Political polarization in the United States seems to be at an all time high. That is not to say that some level of this phenomenon has never existed; ever since political parties were established on the national level the ideological gap between them has caused tension.
What is new, though, is the extreme level of polarization and the anger with which the two parties view one another. This trend is often talked about in a purely domestic context, and with good reason, as that is where the effects are most keenly felt. However, there is evidence that the extreme polarization we are experiencing in the United States is having a damaging effect on our foreign policy and national security.
How did this happen, what are the ways this is playing out on the international stage, and is there anything that can be done to salvage the situation?
What’s Causing This?
In their 2018 survey, the Chicago Council on Global Affairs that Americans rated political polarization as one of the top 5 threats to the United States, behind other topics like international terrorism and rogue nuclear-capable states like North Korea and Iran.
Clearly, this issue is one that the american public is not only aware of, but also mindful of the detrimental effects of. But how did we get to this situation? What is causing a surge in partisanship? One answer could be the fact that America has an unrivaled spot on the world stage.
According to Foreign Policy, the fact that the United States beat out the USSR to win the Cold War has lead to a scenario where the US does not have a major threat to its power. This lack of a common enemy means that politicians are becoming more vocal and aggressive in their opinions without fear of undermining American unity in the face of the Soviet Union.
Besides the immediate aftermath of 9/11, the US has not faced a major threat capable of unifying the parties and the public since the fall of the USSR. This explanation is just one of many that can explain the current state of polarization; the rise of social media and neo-tribal connections can also be pointed to as the cause of our current situation. What’s clear is that polarization is here in a big way; what is becoming more clear is what kind of effects this will have on US foreign policy.
The Threat of Polarization to Foreign Policy
Political Polarization undermines United States foreign policy interests in a number of ways. For one, the extreme and growing gap in foreign policy goals between the two parties means that from one administration to another radical shifts in policy can occur. This oscillation between two extremes makes US foreing policy seen as unreliable and voilitle to other powers, which contributes to another effect; the belief that the US is becoming an unreliable ally and partner on the international stage, and that US values might not be as strong as they once seemed.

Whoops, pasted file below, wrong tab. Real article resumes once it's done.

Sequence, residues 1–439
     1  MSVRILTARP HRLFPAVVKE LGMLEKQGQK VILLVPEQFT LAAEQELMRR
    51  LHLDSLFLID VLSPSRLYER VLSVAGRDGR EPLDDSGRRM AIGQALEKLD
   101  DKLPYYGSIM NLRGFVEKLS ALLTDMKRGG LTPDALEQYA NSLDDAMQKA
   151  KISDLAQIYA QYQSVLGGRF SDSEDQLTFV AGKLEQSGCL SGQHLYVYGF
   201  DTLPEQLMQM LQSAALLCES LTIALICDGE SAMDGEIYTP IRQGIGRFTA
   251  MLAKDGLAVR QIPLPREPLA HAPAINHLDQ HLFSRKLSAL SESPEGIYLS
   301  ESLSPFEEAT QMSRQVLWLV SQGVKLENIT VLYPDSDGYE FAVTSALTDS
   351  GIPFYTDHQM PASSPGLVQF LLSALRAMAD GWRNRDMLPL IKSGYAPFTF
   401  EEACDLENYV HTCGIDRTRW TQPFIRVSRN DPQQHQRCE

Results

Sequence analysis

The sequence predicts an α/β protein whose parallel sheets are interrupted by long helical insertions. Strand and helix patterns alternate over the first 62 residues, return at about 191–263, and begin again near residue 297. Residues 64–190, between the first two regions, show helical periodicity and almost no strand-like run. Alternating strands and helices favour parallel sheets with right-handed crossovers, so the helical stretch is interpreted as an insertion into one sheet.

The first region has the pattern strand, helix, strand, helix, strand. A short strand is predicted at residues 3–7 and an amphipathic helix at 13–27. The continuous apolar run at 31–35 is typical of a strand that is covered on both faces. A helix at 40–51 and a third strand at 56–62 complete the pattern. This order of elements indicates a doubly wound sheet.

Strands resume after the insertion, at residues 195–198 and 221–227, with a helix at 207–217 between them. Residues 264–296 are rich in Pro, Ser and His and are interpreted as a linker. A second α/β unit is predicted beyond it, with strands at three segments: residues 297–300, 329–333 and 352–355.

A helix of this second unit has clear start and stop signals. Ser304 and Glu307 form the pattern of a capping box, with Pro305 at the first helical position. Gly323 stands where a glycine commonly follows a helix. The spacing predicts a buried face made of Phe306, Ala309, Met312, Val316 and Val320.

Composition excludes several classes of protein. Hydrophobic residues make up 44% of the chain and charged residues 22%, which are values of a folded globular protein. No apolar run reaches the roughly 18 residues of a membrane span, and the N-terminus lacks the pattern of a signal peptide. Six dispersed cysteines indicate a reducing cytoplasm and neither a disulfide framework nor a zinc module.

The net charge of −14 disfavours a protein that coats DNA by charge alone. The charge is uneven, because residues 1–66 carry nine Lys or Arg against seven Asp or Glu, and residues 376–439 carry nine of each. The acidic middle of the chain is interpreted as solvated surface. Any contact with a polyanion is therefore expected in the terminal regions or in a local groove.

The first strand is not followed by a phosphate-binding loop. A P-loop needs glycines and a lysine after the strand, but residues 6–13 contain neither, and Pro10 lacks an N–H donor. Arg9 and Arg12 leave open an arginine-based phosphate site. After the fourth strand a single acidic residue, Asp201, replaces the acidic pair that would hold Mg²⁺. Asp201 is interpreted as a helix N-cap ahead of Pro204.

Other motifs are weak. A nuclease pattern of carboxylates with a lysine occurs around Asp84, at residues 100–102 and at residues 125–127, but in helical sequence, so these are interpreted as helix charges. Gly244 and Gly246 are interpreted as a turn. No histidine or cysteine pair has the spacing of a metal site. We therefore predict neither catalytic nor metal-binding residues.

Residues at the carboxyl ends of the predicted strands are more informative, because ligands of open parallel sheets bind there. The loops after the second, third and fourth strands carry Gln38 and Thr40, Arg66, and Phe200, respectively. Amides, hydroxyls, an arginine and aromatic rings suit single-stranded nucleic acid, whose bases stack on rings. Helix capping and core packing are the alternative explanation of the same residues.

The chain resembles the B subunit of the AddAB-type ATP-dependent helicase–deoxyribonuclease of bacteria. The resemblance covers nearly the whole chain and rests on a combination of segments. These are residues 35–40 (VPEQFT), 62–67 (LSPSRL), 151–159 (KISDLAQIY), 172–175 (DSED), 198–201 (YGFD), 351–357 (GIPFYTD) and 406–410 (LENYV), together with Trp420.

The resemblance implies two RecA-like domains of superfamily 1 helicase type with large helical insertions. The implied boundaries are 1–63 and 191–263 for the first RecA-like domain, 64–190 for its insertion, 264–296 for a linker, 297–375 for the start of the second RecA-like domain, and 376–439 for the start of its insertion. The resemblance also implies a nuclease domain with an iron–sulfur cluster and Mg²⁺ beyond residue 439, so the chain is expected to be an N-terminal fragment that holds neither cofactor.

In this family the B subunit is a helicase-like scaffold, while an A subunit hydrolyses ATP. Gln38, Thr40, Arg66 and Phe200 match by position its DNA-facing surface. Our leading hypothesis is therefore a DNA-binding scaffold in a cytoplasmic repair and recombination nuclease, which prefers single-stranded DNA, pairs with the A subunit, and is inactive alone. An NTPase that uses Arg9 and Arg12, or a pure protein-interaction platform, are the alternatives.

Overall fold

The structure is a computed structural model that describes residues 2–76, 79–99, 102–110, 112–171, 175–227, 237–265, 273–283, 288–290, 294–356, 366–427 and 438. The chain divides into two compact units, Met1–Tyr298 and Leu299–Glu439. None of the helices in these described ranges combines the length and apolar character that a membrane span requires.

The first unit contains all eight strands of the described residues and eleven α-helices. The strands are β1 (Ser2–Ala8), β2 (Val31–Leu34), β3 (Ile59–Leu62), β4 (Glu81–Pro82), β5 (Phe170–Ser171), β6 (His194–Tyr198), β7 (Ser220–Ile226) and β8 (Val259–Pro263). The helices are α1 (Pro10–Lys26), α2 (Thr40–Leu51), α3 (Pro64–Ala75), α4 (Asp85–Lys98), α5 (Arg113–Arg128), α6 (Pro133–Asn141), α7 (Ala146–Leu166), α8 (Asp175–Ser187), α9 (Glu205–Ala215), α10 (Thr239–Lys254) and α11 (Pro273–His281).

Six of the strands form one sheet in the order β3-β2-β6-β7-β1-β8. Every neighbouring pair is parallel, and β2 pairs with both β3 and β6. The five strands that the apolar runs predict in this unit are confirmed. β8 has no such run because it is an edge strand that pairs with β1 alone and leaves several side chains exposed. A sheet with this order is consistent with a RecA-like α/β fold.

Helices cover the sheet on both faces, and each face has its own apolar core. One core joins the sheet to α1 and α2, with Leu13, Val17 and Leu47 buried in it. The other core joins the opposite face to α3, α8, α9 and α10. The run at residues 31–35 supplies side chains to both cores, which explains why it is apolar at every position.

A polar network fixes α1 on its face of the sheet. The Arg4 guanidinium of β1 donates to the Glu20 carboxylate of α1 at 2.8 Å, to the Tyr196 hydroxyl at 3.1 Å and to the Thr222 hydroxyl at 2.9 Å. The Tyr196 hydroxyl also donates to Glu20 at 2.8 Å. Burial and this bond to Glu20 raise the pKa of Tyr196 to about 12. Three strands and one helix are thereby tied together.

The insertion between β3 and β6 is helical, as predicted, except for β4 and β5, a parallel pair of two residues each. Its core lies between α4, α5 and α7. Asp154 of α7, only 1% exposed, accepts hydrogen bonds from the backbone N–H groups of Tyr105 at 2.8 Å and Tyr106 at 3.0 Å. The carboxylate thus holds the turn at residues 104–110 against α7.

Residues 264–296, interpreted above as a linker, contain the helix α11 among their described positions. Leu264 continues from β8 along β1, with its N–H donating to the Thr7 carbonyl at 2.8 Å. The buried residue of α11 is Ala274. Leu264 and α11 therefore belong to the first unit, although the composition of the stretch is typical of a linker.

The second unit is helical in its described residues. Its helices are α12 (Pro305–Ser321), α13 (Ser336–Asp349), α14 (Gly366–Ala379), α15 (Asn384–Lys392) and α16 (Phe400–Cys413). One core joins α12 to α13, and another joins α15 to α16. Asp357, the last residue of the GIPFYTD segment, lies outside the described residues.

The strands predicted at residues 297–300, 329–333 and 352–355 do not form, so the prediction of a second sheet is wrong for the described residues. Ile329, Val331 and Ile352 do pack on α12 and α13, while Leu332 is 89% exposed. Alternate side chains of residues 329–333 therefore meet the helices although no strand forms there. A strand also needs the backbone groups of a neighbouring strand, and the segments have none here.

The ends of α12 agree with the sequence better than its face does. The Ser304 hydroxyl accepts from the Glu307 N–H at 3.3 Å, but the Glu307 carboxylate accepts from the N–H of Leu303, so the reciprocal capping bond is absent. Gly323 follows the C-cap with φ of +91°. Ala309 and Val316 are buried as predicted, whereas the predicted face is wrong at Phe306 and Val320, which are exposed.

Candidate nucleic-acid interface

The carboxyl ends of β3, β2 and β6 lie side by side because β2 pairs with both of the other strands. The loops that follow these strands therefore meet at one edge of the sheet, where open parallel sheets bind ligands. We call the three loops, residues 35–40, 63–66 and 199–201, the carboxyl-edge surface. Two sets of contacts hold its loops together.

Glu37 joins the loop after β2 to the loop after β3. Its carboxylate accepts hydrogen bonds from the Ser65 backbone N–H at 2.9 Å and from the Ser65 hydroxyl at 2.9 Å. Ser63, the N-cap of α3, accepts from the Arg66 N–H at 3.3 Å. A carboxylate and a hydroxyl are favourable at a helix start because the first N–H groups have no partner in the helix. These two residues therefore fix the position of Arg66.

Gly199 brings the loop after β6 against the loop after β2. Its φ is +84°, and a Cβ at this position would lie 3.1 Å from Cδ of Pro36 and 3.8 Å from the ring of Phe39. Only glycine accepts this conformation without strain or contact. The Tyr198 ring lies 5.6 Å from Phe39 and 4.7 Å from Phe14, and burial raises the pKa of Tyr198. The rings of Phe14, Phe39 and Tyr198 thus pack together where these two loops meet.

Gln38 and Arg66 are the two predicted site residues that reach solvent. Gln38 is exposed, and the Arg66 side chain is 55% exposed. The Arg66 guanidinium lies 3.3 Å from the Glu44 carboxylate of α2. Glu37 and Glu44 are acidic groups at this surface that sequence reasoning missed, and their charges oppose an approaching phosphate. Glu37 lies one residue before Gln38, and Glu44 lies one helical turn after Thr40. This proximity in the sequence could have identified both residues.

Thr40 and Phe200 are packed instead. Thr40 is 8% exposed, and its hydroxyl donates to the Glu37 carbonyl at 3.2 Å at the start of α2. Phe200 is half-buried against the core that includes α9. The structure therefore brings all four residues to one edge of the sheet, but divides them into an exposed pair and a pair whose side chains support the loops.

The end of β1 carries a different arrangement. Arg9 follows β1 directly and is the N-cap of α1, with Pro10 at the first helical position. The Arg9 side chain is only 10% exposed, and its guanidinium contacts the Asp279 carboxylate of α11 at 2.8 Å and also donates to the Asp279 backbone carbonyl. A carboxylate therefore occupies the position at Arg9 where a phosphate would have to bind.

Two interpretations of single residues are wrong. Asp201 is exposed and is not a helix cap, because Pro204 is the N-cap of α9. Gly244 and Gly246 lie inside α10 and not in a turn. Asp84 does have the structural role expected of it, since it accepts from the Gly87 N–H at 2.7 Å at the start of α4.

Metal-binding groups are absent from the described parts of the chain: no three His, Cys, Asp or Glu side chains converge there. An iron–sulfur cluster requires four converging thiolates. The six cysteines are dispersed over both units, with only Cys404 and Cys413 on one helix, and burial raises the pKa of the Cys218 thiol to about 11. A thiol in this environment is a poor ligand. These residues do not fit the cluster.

As Foreign Policy said, “The more bitter, divided, gridlocked, venal, and downright stupid American politics become, the less appealing the American system of government is to outside observers.”
Polarization among the public and government has created a siutation where America is seen as unreliable and unstable. Finally, polarization has opened up America to potential outside influences that can undermine domestic politics and institutions, threatening our national security. As seen in the Russian interference in the 2016 election, the divisiveness in the United States has been harnessed by other powers to weaken confidence in the American government and potentially hijack political processes. Polarization affects our image abroad and our security at home.
What We Need to Do
Does this process of polarization mean that American foreign policy will never be as reputable as it once was? Or are there steps that could be taken to remedy this issue and restore faith in the United States?
For one, Congress could attempt to take back some of the foreign policy powers that are constitutionally guaranteed to the legislature, such as the power to declare war. This move would ensure that even as presidential policies become more polarized, certain important elements of foreing policy would still go through Congress. With presidential power weakened the speed and extremity with which foreigh policy goals change could be reduced.
Another “solution”, if you can call it that, would be the emergence of a major threat on the international stage, akin to the USSR. While this might ease domestic polarization, the trade off is less than ideal. If what the US needs to overcome excessive partisanship is an existential threat, perhaps that’s a price that we shouldn’t be willing to pay.
To say the least, polarization is an issue that will not be easily solved. However, for the sake of US foreign policy and image abroad, it is important that partisan divisions are healed over time.